This month, we’ve been really enjoying getting back to nature by participating in 30 Days Wild. One of the activities we’ve enjoyed is to make a Hapa Zome print. Hapa Zome is the Japanese art of print making by hammering plants in to fabric. I first came across it when a class of mine did it on a school trip. It’s pretty simple, but can be really effective! Here’s how to make your own…
Choose Your Plants
I explained to T that we were going to be using some plants to make prints, so on our way to the library one day, we collected a range of plants and flowers – mostly weeds which no one would mind us picking. I encouraged her to try and collect a variety of things so that we didn’t just end up with a basket full of daisies! Once home, we also grabbed a few things from our garden, including a rose and some herbs.
With this being just the second time I’d done this, I wasn’t sure which plants would be the most successful. I aimed for mostly green plants, or ones with strong or bright colours. I also tended towards softer, thicker leaves and stems which would release dye on to the fabric.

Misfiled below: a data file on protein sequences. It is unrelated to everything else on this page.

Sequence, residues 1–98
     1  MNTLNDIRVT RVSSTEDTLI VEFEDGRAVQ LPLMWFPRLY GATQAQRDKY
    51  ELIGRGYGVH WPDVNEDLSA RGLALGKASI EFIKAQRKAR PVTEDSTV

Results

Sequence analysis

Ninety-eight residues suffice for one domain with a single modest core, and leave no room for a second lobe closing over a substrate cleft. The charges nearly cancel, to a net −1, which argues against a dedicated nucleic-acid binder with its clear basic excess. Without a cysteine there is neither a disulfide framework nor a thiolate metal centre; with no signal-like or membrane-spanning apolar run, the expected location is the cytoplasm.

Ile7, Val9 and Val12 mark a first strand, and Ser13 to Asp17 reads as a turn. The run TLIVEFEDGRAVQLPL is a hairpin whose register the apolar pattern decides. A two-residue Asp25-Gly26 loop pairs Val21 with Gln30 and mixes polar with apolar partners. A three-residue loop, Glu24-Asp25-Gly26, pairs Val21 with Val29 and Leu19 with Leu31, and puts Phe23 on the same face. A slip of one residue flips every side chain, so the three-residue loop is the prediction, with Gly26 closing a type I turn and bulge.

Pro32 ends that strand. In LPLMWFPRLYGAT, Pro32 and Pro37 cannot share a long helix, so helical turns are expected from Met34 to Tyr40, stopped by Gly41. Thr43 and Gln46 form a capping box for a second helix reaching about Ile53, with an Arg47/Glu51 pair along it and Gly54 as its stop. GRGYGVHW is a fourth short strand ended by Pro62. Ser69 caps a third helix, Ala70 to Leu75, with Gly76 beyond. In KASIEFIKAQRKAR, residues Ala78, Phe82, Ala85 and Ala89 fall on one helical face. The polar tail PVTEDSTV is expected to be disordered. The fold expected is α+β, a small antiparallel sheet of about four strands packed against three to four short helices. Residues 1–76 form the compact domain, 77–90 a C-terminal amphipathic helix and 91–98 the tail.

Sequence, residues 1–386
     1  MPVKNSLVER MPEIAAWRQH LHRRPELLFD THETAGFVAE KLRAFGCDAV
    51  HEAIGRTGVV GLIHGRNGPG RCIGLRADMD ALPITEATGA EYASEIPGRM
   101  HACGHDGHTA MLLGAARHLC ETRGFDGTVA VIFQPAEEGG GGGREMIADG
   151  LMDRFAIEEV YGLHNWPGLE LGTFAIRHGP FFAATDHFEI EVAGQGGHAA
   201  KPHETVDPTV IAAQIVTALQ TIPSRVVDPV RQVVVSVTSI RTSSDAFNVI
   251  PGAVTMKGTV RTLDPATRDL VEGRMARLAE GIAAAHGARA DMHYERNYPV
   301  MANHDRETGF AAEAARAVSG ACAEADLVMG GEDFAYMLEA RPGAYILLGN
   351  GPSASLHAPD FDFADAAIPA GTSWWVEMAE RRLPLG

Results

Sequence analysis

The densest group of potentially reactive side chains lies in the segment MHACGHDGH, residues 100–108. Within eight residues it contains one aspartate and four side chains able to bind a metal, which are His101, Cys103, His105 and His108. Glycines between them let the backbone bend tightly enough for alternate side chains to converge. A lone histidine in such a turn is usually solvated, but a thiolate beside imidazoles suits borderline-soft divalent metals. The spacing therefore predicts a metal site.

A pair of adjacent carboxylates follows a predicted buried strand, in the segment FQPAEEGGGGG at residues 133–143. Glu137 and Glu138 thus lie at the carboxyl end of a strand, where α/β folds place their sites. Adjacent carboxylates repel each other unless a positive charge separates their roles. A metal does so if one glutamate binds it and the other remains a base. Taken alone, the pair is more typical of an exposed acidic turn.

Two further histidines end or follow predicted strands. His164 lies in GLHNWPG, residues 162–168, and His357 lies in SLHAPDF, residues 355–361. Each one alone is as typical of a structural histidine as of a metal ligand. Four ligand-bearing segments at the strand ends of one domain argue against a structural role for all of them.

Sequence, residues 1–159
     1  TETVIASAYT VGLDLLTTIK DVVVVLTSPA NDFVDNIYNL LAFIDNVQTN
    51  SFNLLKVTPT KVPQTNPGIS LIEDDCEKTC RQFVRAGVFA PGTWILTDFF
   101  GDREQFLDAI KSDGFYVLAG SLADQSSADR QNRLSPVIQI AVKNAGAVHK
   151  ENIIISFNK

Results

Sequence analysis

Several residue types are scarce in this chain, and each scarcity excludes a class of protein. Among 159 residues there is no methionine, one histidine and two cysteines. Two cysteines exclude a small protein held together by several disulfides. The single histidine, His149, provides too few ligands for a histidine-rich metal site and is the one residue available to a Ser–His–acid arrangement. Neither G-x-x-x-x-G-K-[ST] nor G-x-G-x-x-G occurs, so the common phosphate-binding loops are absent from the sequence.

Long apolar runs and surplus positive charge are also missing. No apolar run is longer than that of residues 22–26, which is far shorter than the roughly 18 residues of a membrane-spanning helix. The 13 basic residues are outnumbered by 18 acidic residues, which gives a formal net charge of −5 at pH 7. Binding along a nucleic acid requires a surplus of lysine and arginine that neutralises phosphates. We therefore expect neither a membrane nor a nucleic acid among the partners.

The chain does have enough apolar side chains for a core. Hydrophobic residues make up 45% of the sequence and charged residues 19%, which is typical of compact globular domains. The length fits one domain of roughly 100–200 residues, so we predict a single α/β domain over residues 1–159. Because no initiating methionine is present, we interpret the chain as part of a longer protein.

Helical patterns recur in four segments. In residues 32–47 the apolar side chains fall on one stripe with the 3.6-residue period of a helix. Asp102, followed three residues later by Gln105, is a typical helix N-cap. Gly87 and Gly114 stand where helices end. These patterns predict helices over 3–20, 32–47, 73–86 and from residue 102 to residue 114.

Arrange Your Plants
Once we were ready, T chose which plants she wanted to begin with and placed them on her fabric, folding it over so that they were enclosed. Since this were her first time, I didn’t worry too much about how she placed the plants as I just wanted her to explore the process of making Hapa Zome. If we did it again, I might encourage her to think more about whether she wants to achieve a particular outcome, for example by arranging them in a particular pattern.
Stop! Hammer time!
She used a rubber mallet to hammer the plants, and I helped her to ensure she had hammered all over them! Somewhere we have a larger mallet which I think might have helped us to produce a better result, but since I couldn’t find it (I haven’t Kon Mari’d our tools yet!) we used this smaller one instead. Make sure that your fabric is on a smooth surface before your hammer, or the texture of the surface will show through.
Set the Print
I haven’t done this with our prints yet, but I’ve read that you can set the print using a steam iron. I expect that there will be some fading, and that this would probably be increased should you wants to wash the prints for any reason.
What she is learning
Science: plants contain natural dyes
Creativity: creating prints using natural objects
Fine motor skills: hammering, strengthening hand muscles, aiming precisely
For more ideas for 30 Days Wild, check out my recent post, 41 ideas for #30DaysWild.You can also follow along on Instagram to see what we get up to each day!